A provocative new health and safety campaign has been launched to help reduce injuries and fatalities on farms and address the human toll from producing food in New Zealand.
The Half-Arsed Stops Here campaign and Farm Without Harm strategy are taking the health and safety message straight to the heart of rural communities.
As part of the initiative, industry leaders and farmers from across New Zealand are signing a pledge, committing to keeping those working on farms healthy and safe.
The programme is being launched at a dairy farm near Dunsandel in mid-Canterbury on June 29 and a sheep and beef farm near Carterton in Martinborough in the Wairarapa on June 30.
It has been developed by the Agricultural Leaders’ Health and Safety Action Group (Safer Farms), the organisation dedicated to leading, redesigning and inspiring a safer farm culture throughout New Zealand.
Safer Farms chair Lindy Nelson said Farm Without Harm is a bold, system-wide strategy and action plan developed by the agricultural sector for the agricultural sector in response to the concerning and persistent rates of harm on farms.
“Collectively, we proudly produce billions of dollars worth of world-class food annually destined for consumers across the globe. Yet last year 13 farmers lost their lives on New Zealand farms and more than 2000 of us suffered serious injuries that forced us off work for a week or more.
“The cost of producing food in New Zealand is too high – the injuries, deaths and mental harm as a result of accidents on our farms is hurting families, workers, and rural communities.”
Developed over two years, the Farm Without Harm strategy was co-designed with farmers and their communities, iwi, Māori, industry leadership bodies and primary sector organisations.
“This strategy represents a fresh approach to wellbeing on our farms,” Nelson said.
“It involves gaining a deeper understanding of different forms of harm, redesigning our farming systems to prevent harm, and fostering a caring culture among us.
“To address these harms, we have identified ways we need to work differently and four high-harm areas that need an urgent focus — risks to mental health resulting in reduced wellbeing, harm experienced while working with vehicles and machinery, physical stress and injuries from handling livestock, and harm caused by exposure to agricultural chemicals and airborne risks.
“Instead of relying on high vis vests or helmets, we are looking to eliminate harm from the system wherever we can by working and learning together to find solutions, understanding that safety starts with a culture of care and continuing to invest in new approaches.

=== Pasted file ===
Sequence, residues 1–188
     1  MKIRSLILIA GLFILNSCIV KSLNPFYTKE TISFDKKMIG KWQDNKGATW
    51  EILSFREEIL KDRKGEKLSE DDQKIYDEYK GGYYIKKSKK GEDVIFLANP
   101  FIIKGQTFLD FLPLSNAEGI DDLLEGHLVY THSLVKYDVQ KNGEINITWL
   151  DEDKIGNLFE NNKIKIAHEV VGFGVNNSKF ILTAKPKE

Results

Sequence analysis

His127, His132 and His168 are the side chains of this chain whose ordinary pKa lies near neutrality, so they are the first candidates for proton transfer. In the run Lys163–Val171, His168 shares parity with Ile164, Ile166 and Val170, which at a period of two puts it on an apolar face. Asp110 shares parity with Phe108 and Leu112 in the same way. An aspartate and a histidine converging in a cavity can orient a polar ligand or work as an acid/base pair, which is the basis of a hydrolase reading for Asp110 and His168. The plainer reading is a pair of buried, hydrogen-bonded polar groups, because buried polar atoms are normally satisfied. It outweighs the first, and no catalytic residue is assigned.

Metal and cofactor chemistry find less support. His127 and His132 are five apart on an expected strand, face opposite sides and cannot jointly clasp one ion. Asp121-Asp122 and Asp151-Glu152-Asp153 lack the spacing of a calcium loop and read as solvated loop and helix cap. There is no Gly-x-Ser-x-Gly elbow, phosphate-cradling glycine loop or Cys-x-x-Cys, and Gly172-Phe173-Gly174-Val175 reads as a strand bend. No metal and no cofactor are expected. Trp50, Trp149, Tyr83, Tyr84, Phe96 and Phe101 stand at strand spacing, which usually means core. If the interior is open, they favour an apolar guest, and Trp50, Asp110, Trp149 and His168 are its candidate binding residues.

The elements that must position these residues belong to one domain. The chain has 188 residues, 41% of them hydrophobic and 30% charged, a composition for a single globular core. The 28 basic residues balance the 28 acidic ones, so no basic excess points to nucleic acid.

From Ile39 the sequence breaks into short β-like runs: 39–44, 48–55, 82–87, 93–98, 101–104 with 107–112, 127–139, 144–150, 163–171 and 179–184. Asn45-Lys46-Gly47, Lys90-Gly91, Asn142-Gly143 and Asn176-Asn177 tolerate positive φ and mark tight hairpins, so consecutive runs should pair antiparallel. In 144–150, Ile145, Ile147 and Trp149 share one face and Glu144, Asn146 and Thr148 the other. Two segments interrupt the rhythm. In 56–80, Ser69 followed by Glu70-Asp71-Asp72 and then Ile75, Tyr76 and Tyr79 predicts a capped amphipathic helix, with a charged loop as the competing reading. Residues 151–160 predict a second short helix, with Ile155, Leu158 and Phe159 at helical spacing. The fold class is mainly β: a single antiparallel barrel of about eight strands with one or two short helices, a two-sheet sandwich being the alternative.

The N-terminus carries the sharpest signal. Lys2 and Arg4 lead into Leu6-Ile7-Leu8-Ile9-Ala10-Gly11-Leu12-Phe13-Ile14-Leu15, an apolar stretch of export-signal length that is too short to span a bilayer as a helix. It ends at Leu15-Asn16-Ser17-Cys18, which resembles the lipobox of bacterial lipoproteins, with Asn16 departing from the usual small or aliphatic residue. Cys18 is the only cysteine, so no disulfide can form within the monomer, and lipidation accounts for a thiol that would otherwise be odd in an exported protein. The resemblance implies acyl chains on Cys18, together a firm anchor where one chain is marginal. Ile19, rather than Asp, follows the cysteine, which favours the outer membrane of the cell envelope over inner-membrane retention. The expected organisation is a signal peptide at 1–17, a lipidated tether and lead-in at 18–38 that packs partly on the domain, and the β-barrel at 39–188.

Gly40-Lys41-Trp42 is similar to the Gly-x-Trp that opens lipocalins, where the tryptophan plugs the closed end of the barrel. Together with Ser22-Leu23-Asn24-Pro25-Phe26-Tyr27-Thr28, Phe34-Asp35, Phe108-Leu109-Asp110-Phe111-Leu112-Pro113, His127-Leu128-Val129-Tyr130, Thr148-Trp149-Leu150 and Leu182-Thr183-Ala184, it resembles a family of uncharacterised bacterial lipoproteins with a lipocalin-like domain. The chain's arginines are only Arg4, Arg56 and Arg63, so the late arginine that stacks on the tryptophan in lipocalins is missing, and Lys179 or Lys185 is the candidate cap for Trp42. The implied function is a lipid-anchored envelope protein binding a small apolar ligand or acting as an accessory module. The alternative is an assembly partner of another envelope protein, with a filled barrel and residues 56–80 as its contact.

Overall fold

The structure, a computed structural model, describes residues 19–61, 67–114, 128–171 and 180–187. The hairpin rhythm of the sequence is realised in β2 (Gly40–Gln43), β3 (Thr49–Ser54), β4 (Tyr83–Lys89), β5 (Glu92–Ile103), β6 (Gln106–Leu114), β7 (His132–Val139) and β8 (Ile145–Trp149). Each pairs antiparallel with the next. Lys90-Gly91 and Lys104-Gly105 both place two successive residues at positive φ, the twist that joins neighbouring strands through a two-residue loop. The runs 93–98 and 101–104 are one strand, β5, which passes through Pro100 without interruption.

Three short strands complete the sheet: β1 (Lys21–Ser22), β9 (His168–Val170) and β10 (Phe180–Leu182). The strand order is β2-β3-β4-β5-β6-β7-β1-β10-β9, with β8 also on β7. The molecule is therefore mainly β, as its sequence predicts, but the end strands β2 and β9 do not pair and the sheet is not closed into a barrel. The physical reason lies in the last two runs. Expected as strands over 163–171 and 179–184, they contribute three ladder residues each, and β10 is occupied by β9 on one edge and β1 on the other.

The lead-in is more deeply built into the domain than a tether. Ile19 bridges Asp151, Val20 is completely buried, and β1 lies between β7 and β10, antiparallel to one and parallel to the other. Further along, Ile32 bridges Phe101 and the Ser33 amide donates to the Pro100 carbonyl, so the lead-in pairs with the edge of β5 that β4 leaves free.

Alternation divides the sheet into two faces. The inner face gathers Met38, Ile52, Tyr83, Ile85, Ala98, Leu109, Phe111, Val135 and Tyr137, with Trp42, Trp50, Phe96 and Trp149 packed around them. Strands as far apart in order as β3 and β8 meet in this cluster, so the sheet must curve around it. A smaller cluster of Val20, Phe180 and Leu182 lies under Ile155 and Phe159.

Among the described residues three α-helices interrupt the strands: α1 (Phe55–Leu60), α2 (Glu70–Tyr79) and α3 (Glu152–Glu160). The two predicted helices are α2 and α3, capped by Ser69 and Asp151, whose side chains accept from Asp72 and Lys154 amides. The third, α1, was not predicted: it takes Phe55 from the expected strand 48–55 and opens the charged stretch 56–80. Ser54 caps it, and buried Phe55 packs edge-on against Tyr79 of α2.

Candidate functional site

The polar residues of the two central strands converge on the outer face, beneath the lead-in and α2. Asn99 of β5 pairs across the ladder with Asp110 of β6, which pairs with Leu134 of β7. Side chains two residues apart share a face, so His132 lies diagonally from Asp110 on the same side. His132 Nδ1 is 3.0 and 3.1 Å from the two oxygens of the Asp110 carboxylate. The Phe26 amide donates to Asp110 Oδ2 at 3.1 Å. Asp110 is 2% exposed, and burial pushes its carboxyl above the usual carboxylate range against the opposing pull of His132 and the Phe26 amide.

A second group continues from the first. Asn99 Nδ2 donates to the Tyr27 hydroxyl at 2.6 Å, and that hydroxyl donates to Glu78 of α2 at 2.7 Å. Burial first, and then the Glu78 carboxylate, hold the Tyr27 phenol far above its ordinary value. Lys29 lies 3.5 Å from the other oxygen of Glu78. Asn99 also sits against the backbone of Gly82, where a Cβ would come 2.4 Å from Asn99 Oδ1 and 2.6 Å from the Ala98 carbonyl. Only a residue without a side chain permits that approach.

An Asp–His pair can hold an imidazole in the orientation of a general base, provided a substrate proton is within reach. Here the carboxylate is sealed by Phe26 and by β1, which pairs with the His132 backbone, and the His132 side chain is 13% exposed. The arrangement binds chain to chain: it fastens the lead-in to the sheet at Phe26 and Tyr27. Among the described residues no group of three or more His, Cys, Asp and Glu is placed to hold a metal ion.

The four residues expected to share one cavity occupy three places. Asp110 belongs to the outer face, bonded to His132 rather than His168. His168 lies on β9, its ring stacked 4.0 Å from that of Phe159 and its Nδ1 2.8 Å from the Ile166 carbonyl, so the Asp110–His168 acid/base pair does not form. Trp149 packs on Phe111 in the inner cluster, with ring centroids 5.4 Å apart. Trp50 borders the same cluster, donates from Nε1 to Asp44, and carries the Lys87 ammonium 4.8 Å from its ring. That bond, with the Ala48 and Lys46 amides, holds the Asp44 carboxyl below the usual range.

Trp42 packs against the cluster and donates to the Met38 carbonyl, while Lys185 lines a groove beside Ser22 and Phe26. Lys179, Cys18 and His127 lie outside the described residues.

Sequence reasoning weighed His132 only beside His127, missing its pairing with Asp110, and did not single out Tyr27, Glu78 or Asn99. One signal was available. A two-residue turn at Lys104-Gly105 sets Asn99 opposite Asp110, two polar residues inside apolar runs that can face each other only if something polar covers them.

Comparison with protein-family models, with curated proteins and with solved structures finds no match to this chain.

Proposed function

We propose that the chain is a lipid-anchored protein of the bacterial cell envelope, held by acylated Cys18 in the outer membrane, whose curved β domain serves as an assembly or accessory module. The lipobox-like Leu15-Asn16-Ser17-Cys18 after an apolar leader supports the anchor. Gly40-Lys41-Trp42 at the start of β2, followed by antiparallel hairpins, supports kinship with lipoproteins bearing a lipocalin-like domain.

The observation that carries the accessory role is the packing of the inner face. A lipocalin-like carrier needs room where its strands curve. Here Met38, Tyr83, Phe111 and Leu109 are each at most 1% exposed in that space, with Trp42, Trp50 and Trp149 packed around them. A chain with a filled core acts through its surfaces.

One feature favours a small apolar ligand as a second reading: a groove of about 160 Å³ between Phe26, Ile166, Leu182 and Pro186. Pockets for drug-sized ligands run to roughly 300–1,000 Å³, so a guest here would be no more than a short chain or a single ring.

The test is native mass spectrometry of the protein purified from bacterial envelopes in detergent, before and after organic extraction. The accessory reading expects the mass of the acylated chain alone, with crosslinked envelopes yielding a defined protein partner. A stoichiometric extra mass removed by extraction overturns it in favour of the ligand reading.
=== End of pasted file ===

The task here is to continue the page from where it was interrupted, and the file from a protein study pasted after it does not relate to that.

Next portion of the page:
“This is our line in the sand, it’s a recognition that we need to do things differently.
“Ultimately, it’s about coming together as a sector to find and share solutions that work best for us, while rejecting anything that puts ourselves or others at risk.”
The Half-Arsed Stops Here campaign is a provocative message to start changing attitudes and a key component of the Farm Without Harm strategy, Nelson said.
“It will get people’s attention and that is the aim. ‘Half-arsed’ is a language farmers recognise and use. This is about farmers having everyday conversations that lead to safer outcomes. This is not a judgment about when things have gone wrong. When things go wrong, it’s a tragedy. Every farmer knows someone who has been injured or lost a loved one.
“This is a recognition that we have to find solutions and be focused and committed in finding these. We can’t be half-arsed about the problem or finding solutions.”
Kate Acland, chair of Beef + Lamb New Zealand and a Mount Somers sheep, beef and dairy farmer said: “Looking after people is central to the success of our sector, it just makes sense. Healthy and safe farms are attractive places to live and work and this is vital so we can attract the best people to our fantastic sector. Safer Farms, the Farm Without Harm strategy and the pledge is a great example of an industry-led solution that we’re excited to support.”
Wayne Langford, president of Federated Farmers, said every farmer should be coming home safely to their family after work each day.
“We need to be taking health and safely on New Zealand farms seriously, but solutions and systems need to be designed by farmers if they’re going to work in a practical sense.”